• Avoid name conflicts with third-party authors (since they are reserved)
  • Improve discoverability of official crates
  • As an alternative to feature flags for optional subsystems
  • When different parts of your API might have different compatibility guarantees

When considering this, keep in mind:

  • Does it makes sense for this new crate to be presented in the foo facade?
  • How likely is a crate to move into or out of the namespace?
    • Moving the crate in or out of a namespace is a breaking change though it can be worked around by having the old crate re-export the new crate but that does add extra friction to the process.
    • There is not currently a mechanism to raise awareness with users that a crate has migrated into or out of a namespace and you might end up leaving users behind.
  • If users import both foo and foo::bar but foo also has a bar item in its API that isn’t just foo::bar re-exported, then rustc will error.

Only the owners of foo may create the foo::bar crate (and all owners of foo are implicitly owners of foo::bar). After the foo::bar crate is created, additional per-crate publishers may be added who will be able to publish subsequent versions as usual.

Reference-level explanation

This section will maintain a distinction between “package” (a package) and “crate” (the actual rust library). The rest of the RFC does not attempt to make this distinction

:: is now considered valid inside package names on For now, we will restrict package names to having a single :: in them, not at the beginning or end of the name, but this can be changed in the future.

When publishing a package foo::bar, if the package does not exist, the following must be true:

  • foo must exist
  • The user publishing the package must be an owner of foo

For the package foo::bar, all owners of foo are always considered owners of foo::bar, however additional owners may be added. People removed from ownership of foo will also lose access to foo::bar unless they were explicitly added as owners to foo::bar. displays foo::bar packages with the name foo::bar, though it may stylistically make the foo part link to the foo package.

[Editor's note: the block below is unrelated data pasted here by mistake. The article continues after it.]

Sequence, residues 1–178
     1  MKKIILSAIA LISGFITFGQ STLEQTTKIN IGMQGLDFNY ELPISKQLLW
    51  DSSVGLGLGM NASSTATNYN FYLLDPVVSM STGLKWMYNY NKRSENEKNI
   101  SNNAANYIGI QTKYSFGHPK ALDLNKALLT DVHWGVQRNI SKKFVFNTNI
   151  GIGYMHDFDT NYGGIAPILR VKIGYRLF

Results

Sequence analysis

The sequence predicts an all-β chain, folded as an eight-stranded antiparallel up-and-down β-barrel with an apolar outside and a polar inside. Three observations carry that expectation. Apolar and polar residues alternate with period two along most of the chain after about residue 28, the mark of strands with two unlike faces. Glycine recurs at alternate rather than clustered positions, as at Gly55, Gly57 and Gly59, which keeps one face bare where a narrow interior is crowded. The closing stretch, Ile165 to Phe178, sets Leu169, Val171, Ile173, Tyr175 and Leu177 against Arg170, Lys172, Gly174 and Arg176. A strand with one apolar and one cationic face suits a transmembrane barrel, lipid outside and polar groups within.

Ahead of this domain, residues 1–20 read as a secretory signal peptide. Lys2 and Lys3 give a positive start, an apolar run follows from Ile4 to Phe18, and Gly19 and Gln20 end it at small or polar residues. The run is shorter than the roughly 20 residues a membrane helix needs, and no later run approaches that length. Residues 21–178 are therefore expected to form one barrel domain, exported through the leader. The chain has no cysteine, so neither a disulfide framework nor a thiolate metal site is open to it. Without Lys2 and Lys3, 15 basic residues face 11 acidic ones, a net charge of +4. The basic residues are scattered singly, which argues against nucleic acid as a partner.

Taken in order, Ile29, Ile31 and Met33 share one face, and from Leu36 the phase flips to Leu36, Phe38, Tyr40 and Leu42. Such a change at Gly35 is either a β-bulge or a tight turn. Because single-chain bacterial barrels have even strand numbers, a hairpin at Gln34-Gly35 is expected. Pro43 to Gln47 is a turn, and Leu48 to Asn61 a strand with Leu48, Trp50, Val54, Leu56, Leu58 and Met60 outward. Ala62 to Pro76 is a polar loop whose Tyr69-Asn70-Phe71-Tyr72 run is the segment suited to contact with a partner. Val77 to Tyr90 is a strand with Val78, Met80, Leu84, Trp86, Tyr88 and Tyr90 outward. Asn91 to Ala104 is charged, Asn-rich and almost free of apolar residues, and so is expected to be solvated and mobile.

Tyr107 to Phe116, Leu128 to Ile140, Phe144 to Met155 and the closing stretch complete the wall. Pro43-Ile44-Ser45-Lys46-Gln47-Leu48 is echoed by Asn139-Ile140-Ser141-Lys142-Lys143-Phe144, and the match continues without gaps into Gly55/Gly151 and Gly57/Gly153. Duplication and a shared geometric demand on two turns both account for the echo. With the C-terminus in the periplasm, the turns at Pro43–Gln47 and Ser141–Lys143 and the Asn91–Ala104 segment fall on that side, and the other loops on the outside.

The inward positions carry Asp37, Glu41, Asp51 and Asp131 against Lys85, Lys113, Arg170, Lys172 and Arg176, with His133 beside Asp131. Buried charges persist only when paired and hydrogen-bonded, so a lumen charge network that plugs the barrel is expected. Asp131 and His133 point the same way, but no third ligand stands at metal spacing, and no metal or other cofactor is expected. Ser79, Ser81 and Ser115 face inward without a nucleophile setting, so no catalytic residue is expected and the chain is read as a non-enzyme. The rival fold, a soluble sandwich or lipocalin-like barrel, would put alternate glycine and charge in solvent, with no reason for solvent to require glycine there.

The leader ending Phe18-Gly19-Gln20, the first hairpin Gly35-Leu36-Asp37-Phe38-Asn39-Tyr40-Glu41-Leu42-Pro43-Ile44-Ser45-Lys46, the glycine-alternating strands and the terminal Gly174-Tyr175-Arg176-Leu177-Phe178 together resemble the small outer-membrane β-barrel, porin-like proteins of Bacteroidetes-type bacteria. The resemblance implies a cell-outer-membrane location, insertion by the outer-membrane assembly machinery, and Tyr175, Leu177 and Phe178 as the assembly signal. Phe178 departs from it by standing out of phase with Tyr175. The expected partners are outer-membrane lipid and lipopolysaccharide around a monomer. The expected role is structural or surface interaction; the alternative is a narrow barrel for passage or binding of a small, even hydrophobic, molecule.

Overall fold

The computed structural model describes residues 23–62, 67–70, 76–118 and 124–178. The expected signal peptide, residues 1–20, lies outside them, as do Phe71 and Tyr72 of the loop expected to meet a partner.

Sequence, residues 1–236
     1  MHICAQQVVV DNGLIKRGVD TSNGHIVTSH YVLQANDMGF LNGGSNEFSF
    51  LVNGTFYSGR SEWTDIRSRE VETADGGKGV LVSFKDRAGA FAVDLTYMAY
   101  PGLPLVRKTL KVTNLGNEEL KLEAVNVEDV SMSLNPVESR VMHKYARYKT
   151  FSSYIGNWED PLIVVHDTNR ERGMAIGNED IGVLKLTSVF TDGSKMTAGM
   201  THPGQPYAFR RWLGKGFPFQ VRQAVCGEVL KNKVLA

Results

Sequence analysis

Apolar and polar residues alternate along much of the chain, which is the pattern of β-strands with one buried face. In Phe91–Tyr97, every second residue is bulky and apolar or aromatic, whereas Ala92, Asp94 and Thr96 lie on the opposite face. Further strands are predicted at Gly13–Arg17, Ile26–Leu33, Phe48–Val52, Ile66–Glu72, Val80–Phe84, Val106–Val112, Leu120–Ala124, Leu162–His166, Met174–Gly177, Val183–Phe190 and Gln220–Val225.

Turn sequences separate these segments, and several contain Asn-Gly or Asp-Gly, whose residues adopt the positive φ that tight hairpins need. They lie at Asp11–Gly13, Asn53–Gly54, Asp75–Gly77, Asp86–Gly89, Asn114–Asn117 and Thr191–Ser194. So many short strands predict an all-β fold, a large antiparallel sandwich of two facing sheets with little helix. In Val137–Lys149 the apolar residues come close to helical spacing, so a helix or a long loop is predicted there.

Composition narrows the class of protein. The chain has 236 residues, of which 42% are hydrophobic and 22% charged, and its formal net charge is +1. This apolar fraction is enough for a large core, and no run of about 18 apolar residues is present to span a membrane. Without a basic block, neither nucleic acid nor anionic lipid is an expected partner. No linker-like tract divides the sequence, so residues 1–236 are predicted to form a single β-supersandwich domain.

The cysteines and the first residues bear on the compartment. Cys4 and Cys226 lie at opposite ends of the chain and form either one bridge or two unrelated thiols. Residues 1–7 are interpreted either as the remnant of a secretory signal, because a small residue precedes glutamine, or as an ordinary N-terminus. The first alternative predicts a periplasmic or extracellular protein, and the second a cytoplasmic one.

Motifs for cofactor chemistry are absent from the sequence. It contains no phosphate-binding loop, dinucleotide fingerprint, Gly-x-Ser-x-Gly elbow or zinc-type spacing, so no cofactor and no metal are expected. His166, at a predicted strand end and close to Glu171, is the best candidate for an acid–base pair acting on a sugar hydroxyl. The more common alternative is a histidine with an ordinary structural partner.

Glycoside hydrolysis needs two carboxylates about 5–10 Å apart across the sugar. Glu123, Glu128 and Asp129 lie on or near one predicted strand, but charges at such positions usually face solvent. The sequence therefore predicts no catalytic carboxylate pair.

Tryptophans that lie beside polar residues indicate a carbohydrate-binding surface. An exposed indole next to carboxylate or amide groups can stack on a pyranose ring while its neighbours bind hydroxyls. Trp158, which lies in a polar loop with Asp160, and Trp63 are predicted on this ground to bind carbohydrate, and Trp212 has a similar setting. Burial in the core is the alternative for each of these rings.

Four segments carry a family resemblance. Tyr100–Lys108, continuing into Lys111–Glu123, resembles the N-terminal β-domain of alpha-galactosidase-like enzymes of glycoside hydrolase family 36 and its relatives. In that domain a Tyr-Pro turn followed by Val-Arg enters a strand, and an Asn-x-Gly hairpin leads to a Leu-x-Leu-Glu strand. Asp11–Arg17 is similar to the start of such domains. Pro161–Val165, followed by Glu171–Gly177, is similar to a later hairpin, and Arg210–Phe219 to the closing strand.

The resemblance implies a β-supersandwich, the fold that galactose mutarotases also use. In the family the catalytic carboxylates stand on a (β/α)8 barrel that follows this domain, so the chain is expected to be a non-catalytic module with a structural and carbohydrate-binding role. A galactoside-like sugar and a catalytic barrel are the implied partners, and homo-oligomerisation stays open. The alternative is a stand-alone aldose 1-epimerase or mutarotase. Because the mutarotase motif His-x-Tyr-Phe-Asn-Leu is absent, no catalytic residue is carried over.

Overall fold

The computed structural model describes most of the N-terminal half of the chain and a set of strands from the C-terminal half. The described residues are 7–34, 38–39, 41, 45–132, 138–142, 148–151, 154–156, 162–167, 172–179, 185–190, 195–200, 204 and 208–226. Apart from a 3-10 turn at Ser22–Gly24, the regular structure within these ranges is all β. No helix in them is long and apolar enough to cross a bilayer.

The registry index trie may represent subpackages by placing foo::bar as just foo::bar.

rustc will need some changes. When --extern foo::bar=crate.rlib is passed in, rustc will include this crate during resolution as if it were a module bar living under crate foo. If crate foo is also in scope, this will not automatically trigger any errors unless foo::bar is referenced, foo has a module bar, and that module is not just a reexport of crate foo::bar.

The autogenerated key for such a crate will just be bar, the leaf crate name, and the expectation is that to use such crates one must use --extern foo::bar=bar.rlib syntax. There may be some better things possible here, perhaps foo_bar can be used here.


Namespace root taken

Not all existing projects can transition to using namespaces here. For example, the unicode crate is reserved, so unicode-rs cannot use it as a namespace despite owning most of the unicode-foo crates. In other cases, the “namespace root” foo may be owned by a different set of people than the foo-bar crates, and folks may need to negotiate (async-std has this problem, it manages async-foo crates but the root async crate is taken by someone else). Nobody is forced to switch to using namespaces, of course, so the damage here is limited, but it would be nice for everyone to be able to transition.